Narrative Review of Sentinel Lymph Node Biopsy in Breast Cancer

A Technique in Constant Evolution With Still Numerous Unresolved Questions

Carole Mathelin; Massimo Lodi


Chin Clin Oncol. 2021;10(2):20 

In This Article

Abstract and Introduction


The aim of this narrative review was to provide an update on the use of sentinel lymph node biopsy (SLNB) for breast carcinoma (BC). Relevant studies published between 01/01/1994 and 15/08/2020 assessing the accuracy and the usefulness of SLNB were reviewed. SLNB was first used in 1977 for penile cancers. However, it took 17 years to enter in clinical practice for BC. The first procedures were based on two methods of non-specific marking of LN vmacrophages using a radioisotope (99mTc) and a blue dye (BD, Isosulfan, Patent or Methylene). To overcome side effects of radioisotopes (radiation exposure) and BD (allergic reactions), innovative tracers such as indocyanine green (ICG), superparamagnetic iron oxide (SPIO), and microbubbles have been explored. The SLN intraoperative examination is no longer performed, due to its low impact on the rate of reoperation and high time and cost of surgery. Likewise, immunohistochemistry, which can lead to an unnecessary ALND in some cases of occult metastases, is no more recommended. Except cases with metastasized LN, all contraindications aim to avoid situations where the risk of false negative would be too high (notably T3-T4 or multicentric tumors). The current indications for invasive BC are T0-T1-T2 N0 or N1 (after an accurate LN evaluation with ultrasound and/or cytology or core biopsy) and for DCIS treated by mastectomy or presenting as a palpable mass. After SLNB, axillary recurrence rates are generally below 2% after a follow up of 8–10 years, comparable to those observed after ALN. Likewise, when the SLN contains less than 2 metastases, axillary recurrence rates remain low even when ALN is omitted. In case of more than 2 metastatic SLN or capsular effraction, ALND is still indicated. For most teams, SLNB can be performed in clinically node-negative patients receiving neoadjuvant systemic therapy. The results of the literature consistently show that SLNB is extremely reliable in selected BC, as long as it is performed with a rigorous technique by teams having undergone multidisciplinary training and having gained the necessary experience.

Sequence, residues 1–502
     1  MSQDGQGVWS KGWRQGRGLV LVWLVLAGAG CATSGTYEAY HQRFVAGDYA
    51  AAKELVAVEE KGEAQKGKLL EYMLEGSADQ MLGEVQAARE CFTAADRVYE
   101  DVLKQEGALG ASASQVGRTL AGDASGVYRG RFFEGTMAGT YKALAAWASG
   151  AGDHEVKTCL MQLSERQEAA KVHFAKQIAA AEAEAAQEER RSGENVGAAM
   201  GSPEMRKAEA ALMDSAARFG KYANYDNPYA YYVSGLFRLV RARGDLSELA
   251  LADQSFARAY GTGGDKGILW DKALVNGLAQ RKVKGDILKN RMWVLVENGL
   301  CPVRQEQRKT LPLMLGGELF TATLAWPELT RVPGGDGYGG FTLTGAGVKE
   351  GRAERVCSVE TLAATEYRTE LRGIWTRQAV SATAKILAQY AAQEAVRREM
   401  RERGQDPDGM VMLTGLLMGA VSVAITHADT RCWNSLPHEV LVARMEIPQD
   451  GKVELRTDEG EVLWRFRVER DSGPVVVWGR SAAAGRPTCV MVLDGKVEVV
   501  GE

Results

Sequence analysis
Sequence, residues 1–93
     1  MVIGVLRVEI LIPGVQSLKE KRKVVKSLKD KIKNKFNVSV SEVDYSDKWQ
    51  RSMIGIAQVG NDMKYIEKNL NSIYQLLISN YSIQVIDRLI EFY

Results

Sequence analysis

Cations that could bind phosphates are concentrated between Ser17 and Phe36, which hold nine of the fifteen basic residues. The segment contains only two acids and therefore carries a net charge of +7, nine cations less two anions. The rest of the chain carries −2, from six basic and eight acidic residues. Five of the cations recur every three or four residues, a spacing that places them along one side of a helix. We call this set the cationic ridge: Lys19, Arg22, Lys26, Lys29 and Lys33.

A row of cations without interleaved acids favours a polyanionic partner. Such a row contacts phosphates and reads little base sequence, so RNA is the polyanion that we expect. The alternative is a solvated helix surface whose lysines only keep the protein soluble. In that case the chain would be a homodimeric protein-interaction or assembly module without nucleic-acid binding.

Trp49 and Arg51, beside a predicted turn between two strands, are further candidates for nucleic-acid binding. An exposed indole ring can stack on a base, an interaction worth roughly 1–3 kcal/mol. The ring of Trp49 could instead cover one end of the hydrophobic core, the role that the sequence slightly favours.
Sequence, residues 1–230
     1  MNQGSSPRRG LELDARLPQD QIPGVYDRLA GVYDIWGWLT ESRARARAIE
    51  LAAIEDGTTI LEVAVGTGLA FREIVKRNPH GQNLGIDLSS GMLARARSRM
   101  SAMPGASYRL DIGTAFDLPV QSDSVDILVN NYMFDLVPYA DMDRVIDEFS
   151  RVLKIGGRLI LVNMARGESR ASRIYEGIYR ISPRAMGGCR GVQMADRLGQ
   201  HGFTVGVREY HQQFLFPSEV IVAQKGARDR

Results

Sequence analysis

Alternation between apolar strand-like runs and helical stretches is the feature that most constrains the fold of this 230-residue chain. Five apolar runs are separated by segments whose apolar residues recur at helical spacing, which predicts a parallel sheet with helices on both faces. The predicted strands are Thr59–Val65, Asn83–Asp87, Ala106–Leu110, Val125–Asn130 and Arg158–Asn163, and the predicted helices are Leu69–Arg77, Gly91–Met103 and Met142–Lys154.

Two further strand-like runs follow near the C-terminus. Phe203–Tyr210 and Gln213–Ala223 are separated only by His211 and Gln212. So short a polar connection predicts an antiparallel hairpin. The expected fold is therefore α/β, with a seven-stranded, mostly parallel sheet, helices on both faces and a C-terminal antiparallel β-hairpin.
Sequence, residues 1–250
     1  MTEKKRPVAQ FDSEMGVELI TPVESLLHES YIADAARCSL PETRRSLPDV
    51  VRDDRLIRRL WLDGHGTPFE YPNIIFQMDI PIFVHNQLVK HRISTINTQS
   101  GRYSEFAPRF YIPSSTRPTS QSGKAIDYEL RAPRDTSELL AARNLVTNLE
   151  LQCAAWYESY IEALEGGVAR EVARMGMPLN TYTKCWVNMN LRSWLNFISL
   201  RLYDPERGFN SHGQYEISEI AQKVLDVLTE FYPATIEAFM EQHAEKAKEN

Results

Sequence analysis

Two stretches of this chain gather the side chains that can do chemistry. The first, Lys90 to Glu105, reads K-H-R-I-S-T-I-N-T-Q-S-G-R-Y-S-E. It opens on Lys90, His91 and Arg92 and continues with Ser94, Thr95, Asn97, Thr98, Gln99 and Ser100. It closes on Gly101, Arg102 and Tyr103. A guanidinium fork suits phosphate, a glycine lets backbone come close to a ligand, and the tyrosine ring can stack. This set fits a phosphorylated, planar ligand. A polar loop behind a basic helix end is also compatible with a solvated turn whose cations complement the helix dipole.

The sentinel lymph node (SLN) is the first lymph node (LN) that collects the lymphatic flow from the tumor.[1] It has been established that if the LN is not invaded by cancerous cells, the other LN in the axillary area are in most cases free of metastases. Axillary LN dissection (ALND) has therefore no benefit. Conversely, if the SLN contains cancerous cells, the other LN removed may be healthy or metastatic, leading to an ALND in some selected cases.

The SLN biopsy (SLNB) has been evaluated in numerous international trials,[2–5] showing that the SNLB allows to avoid about 70% of ALND and thus to significantly reduce the morbidity associated with ALND (lymphedema, shoulder mobility problems, reduced sensitivity, pain, etc.). Moreover, due to the progress of pathological analysis, the SLNB leads to more accurate staging and thus an optimization of the therapeutic strategy. Currently, after a learning curve, the SLNB is routinely performed by most breast surgeons.

The aim of this narrative review was to describe the history of SLNB, the different SLN identification techniques, the indications and contraindications of SLNB for invasive and in situ breast carcinoma (BC), the indication of ALND after SLNB, its place in case of neoadjuvant systemic treatment (NST), and finally its expected evolution.

We present the following article in accordance with the Narrative Review reporting checklist (available at